As a job tool, you just can’t beat the power of LinkedIn. With numerous ways to display your skills and core competencies, the site allows you to be found by hiring managers and recruiters, with little effort on your part.
However, using it incorrectly can actually reduce your chances of being hired. Here are three common pitfalls to avoid when setting up and using a LinkedIn profile for your job search:
1. Failing To Use All The Space Provided
You’re guilty of this if your summary is comprised of just a few sentences, your work history only includes titles, or you skipped sections like Interests or Specialties. These are valuable pieces of data that not only educate readers on your career, but also serve to boost your search-ability.
In addition, you’ll receive a not-so-gentle reminder from the site that says your profile is not 100% complete—which tells you that LinkedIn needs this data for keyword purposes.
2. Mistaking A Resume Summary For A LinkedIn Summary
The LinkedIn summary area was designed primarily to present a snapshot of your brand and value proposition. However, many people mistake this area for the resume summary of qualifications, and insert that same, long-winded paragraph in this section.
However, LinkedIn profiles aren’t meant to be scanned like documents! In order to get the best results from your profile, you’ll need to apply web copywriting principles, writing a more personalized, bullet-point account of your background and qualifications.
Break up the text visually so employers can quickly scan through for key words, and consider adding decorative bullet symbols for easier readability.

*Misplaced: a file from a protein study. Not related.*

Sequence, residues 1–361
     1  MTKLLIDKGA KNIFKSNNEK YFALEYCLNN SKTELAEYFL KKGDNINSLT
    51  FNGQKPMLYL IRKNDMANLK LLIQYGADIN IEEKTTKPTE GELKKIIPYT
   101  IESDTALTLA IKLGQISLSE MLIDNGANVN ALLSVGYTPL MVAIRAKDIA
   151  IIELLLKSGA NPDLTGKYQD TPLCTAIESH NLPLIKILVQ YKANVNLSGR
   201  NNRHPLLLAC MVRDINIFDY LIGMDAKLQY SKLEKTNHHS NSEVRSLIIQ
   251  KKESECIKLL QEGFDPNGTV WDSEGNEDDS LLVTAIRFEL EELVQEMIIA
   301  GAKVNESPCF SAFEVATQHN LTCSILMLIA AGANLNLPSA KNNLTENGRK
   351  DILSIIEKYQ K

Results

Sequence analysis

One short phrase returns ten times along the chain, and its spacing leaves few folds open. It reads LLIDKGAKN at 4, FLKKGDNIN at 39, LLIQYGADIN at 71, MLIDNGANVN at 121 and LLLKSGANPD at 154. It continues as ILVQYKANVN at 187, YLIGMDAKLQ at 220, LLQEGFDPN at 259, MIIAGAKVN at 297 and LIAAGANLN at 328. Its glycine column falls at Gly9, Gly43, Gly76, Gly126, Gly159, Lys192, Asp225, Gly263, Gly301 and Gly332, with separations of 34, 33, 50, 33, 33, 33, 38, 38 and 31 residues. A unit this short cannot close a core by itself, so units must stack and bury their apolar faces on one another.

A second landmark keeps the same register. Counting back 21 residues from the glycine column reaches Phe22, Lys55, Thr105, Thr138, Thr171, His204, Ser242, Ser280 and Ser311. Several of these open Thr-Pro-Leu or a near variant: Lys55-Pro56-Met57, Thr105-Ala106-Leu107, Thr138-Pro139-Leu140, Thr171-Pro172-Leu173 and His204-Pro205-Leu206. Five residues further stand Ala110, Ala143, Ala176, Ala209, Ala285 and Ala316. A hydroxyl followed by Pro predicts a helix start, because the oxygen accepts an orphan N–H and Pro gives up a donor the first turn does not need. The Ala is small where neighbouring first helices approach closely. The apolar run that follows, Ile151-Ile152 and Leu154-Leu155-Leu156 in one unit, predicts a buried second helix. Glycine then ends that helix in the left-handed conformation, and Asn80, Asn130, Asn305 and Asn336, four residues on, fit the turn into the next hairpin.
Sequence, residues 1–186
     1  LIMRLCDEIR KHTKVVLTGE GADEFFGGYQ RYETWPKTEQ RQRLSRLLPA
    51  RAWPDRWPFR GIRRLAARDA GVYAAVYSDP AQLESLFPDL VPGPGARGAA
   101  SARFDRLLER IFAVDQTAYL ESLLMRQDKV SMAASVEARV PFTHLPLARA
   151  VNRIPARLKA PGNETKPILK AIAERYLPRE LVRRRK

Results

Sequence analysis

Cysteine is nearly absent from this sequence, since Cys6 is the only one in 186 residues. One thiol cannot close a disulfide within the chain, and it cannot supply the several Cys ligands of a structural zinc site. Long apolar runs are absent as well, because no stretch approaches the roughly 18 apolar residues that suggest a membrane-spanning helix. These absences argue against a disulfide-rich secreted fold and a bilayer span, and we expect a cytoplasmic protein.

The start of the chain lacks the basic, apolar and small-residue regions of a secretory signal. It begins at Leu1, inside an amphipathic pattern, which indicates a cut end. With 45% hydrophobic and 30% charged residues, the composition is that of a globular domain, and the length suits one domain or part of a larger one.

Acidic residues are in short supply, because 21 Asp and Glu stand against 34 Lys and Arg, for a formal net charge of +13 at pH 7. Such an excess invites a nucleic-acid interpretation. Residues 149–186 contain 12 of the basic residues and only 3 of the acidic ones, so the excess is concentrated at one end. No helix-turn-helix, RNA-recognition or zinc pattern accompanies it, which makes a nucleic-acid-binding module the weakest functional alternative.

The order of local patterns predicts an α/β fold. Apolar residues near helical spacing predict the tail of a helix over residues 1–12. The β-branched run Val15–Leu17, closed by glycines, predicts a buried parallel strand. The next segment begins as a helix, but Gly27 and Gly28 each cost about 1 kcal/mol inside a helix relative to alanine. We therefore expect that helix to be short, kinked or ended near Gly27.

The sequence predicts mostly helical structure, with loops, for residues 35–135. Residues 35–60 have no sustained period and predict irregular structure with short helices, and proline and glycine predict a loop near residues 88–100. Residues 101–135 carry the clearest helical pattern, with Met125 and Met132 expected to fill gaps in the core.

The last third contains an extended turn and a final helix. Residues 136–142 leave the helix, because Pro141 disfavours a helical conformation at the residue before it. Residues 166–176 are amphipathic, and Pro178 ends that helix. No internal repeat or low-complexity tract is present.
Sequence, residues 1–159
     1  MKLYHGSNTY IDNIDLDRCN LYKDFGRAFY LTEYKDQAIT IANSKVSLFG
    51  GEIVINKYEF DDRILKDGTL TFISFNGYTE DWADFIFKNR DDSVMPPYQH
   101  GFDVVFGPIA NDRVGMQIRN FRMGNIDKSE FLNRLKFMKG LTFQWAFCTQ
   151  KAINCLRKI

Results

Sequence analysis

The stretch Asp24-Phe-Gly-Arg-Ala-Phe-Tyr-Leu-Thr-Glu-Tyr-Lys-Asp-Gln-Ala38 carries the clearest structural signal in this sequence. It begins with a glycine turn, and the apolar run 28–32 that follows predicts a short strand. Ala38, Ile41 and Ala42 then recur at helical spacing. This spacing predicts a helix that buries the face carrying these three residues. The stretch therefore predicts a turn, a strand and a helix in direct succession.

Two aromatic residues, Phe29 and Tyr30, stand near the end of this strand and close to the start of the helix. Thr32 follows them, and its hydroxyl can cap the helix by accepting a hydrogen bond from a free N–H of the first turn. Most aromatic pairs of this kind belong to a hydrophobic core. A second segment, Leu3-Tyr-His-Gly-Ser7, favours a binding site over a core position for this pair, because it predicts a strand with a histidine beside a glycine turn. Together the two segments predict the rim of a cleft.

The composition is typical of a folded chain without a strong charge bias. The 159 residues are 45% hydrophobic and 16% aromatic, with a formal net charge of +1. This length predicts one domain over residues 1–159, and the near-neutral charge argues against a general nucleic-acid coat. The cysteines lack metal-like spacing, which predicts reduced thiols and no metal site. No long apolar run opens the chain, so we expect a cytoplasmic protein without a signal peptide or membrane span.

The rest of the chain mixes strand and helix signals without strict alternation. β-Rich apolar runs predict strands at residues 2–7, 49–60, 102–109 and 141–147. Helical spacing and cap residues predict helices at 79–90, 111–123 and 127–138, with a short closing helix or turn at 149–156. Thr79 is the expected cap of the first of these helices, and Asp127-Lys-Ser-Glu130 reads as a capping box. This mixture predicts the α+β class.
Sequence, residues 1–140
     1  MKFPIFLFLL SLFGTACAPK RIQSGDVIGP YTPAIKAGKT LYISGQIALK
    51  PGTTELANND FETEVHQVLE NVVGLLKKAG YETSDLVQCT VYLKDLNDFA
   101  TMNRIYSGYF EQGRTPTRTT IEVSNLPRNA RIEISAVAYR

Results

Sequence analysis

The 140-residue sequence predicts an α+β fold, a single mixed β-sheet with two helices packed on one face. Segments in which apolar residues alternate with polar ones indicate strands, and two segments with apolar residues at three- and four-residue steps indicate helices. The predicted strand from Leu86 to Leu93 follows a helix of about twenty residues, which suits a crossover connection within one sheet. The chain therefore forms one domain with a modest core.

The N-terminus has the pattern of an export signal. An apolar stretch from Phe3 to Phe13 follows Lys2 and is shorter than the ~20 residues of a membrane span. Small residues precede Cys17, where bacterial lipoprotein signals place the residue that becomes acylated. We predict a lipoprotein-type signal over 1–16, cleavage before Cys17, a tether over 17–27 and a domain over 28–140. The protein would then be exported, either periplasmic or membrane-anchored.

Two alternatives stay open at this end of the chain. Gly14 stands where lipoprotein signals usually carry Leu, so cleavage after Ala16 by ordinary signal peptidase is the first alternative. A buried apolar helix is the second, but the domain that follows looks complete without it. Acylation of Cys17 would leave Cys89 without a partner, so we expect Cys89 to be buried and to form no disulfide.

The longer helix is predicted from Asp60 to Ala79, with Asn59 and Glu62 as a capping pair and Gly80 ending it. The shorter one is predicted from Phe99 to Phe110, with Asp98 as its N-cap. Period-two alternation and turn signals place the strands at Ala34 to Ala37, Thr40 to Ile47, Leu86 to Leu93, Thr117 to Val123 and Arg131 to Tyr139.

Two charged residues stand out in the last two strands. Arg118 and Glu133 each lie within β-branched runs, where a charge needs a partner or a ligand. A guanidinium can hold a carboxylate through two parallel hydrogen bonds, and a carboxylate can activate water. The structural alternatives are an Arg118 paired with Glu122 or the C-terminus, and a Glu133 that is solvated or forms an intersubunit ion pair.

3. Presenting Data Inconsistent With Your Traditional Resume
There’s no way around it – employers will be trolling the web for information about you, even if you’ve already sent your resume to them to review. The problem arises when your job history, education, or achievements appear differently online than on paper.
Here’s how to spot discrepancies: print out both your resume and your LinkedIn profile, reviewing the facts you’ve listed (such as job dates, education, job titles, employer names, etc.) side-by-side. If you omitted an older job or unrelated degree from your resume, for example, then make the same change to your profile.
Reviewing your profile this way also allows you to see if it delivers the same value proposition message as your resume. If you missed mentioning highlights of your career (such as metrics on revenue generated or cost savings), you can incorporate this data back into the profile so it aligns with your brand.
In summary, getting hired today requires a strong online identity. If you haven’t spent much time on your LinkedIn profile, it’s a good idea to revisit it and improve your web presence by confirming you’re not making any of the above LinkedIn profile errors.
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